Random Acts of Kindness: Toddler on a slide dangled with life in jeopardy, until ...
September 27, 2012 8:00 AM
By Janet DeAngelo Pittsburgh Post-Gazette
Recent family events have made me even more grateful, if that's possible, for a random act of kindness performed by a complete stranger more than 25 years ago.
I have thought about this person often though the years and wonder if she ever recalls the day when she ran to my aid. I am writing about it in the paper in the event she reads this, as I hope to let her know how very thankful I am and to let her know the outcome of her act all these years later.
When our first son, C.J., was about 11/2 years old and I was pregnant with our second son, David, I took C.J. to one of the playgrounds in Schenley Park, located at the end of the bridge that leads from Phipps Conservatory toward Squirrel Hill.
After a ride on the baby swing, C.J. toddled over to the slide, gesturing and babbling that he wanted to slide down.
He had been on short baby slides at other playgrounds but never on a higher "big boy" slide like this one.
Although he was too young to go down himself, I decided to slide down with him. Not the smartest move in retrospect, but it's easy to be swayed by a small, happy child with rosy cheeks on a pretty spring day when all seems right in your little world.
The climb up the ladder was uneventful, and we settled down to sit together at the top without much trouble. Just as I went to let us go down the slide, however, C.J.'s foot got caught in the handle bar at the top and he started to fall over the side.
Because I was starting to slide down, I couldn't untangle his foot. So here I was, holding onto him for dear life with my left hand as he dangled over the side, while I held onto the other side of the slide with my right hand, desperate not to let gravity pull me down.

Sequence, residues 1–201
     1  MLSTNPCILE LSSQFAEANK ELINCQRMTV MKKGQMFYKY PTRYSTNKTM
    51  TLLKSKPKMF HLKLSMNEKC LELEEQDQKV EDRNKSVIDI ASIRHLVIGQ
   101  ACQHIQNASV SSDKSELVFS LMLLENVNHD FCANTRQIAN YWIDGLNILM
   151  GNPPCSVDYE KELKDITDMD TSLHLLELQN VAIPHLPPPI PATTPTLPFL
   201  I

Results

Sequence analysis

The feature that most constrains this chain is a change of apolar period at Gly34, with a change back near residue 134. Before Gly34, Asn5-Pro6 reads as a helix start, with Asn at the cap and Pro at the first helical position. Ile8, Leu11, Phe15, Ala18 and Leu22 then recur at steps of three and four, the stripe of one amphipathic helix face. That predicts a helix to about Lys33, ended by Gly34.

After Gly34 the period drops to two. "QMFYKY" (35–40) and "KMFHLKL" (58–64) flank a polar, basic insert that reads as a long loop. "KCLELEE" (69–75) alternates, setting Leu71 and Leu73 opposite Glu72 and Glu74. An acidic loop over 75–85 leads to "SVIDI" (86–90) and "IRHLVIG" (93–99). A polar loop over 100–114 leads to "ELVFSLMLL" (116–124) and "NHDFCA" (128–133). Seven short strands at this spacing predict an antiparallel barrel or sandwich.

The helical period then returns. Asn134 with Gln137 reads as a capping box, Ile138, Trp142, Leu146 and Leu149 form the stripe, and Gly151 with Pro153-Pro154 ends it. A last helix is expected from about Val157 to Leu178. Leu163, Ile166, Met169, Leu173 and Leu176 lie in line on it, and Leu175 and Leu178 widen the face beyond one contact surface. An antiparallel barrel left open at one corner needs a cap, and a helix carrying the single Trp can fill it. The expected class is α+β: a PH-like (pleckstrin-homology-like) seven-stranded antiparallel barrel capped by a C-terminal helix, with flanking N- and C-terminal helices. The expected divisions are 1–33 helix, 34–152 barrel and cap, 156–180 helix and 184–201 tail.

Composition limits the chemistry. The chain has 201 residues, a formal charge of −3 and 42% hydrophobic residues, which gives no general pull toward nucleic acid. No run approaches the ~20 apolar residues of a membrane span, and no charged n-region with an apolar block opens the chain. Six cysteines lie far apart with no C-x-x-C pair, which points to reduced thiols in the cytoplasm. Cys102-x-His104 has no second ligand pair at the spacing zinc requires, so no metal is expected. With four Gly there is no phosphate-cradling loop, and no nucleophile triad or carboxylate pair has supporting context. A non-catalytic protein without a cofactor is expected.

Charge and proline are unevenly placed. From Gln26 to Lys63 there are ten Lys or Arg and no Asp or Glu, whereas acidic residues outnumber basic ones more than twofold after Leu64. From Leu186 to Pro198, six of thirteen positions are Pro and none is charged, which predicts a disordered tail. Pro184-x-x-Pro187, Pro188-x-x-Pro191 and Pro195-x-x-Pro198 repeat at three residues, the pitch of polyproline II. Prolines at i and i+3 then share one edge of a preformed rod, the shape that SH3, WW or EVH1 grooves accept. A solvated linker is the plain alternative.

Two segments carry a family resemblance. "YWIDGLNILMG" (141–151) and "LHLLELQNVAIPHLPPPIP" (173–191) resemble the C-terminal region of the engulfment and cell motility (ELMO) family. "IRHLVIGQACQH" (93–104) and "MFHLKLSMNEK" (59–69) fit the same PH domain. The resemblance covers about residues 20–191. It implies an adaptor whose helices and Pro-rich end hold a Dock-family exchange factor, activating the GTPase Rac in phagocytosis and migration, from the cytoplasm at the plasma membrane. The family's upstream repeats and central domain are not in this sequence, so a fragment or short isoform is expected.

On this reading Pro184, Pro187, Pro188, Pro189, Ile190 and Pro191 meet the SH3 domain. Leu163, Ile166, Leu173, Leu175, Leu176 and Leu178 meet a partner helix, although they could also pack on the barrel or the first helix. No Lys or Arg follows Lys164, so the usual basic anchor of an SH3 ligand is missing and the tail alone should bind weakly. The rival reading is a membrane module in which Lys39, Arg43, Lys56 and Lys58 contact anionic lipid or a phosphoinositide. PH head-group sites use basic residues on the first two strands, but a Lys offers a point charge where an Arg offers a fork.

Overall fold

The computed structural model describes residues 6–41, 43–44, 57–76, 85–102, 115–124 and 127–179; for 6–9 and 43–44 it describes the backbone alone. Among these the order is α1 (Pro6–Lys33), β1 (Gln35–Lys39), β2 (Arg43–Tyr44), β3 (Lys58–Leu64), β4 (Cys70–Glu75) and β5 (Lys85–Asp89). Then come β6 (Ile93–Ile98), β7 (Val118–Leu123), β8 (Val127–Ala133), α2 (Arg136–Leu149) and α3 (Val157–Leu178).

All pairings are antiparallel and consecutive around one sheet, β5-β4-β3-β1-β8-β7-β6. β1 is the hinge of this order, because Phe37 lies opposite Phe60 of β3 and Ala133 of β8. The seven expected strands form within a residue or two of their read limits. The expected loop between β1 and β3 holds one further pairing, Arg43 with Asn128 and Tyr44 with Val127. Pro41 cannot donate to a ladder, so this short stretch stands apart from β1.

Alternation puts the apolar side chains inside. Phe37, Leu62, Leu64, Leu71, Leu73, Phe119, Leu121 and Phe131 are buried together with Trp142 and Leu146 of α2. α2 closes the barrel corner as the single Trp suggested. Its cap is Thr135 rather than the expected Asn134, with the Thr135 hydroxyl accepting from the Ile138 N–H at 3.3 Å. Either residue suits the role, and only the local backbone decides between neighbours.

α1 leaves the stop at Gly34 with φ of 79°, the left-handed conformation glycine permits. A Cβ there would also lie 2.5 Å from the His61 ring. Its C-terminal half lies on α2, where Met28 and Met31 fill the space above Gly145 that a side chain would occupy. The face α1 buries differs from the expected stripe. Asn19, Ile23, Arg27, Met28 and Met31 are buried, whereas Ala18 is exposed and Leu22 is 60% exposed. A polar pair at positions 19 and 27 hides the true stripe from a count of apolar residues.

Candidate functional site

I knew if I slid down, I would be unable to hold onto C.J. and he would fall to the ground head first. Twenty-five years ago, playground surfaces weren't nearly as soft and kid-safe as today, and he would very likely have been permanently disabled or even killed. Even with today's surfaces, he would have likely been severely injured.
I began to scream while looking around frantically for anyone who could help. To my dismay, the park was empty except for two people on a bench at the other end of the playground. They came over as soon as they were able, but it became apparent they would be unable to help -- it was a frail elderly man and a blind young woman who appeared to be his granddaughter.
I was panicking, my arms shaking, as I felt my grip on both C.J. and the slide weakening. Cars drive by this playground quickly, and it's easy not to notice what's going on in the play area, but one woman did notice. She stopped her car on the busy road and came sprinting across the lawn.
Without waiting to listen to my hysterical explanation, she climbed up the slide and took C.J. in her arms. Although he was now safe, I didn't want to let go.
Finally, her kind and reassuring voice gave me the courage to slide down. When I reached the ground, she handed C.J. back to me.
My arms were like wet noodles -- from the adrenaline, I suppose. Then, because her car was in a precarious place on the road, she left just as quickly as she had come. I was so relieved, and yet so shaken, that I am not even sure I thanked her.
Because of this woman's help, my husband, Ron, and I were able to raise our two sons along with our daughter, Emily, who came along four years later.
C.J. is now a journeyman electrician with the IBEW Local 5. He is big brother and best friend to David, a civil engineer. They are both terrific young men who spend time each month doing volunteer work. Our family has grown and been blessed, especially this summer when C.J. married Ashlee and David married Natty.
One blessing we will certainly never forget is the random act of kindness performed by that passing motorist 25 years ago.
Janet DeAngelo of Plum can be reached at firstname.lastname@example.org.
Has someone done you right? Send your Random Act of Kindness to email@example.com, or write to Portfolio, Post-Gazette, 34 Blvd. of the Allies, Pittsburgh, PA 15222. First Published September 27, 2012 4:00 AM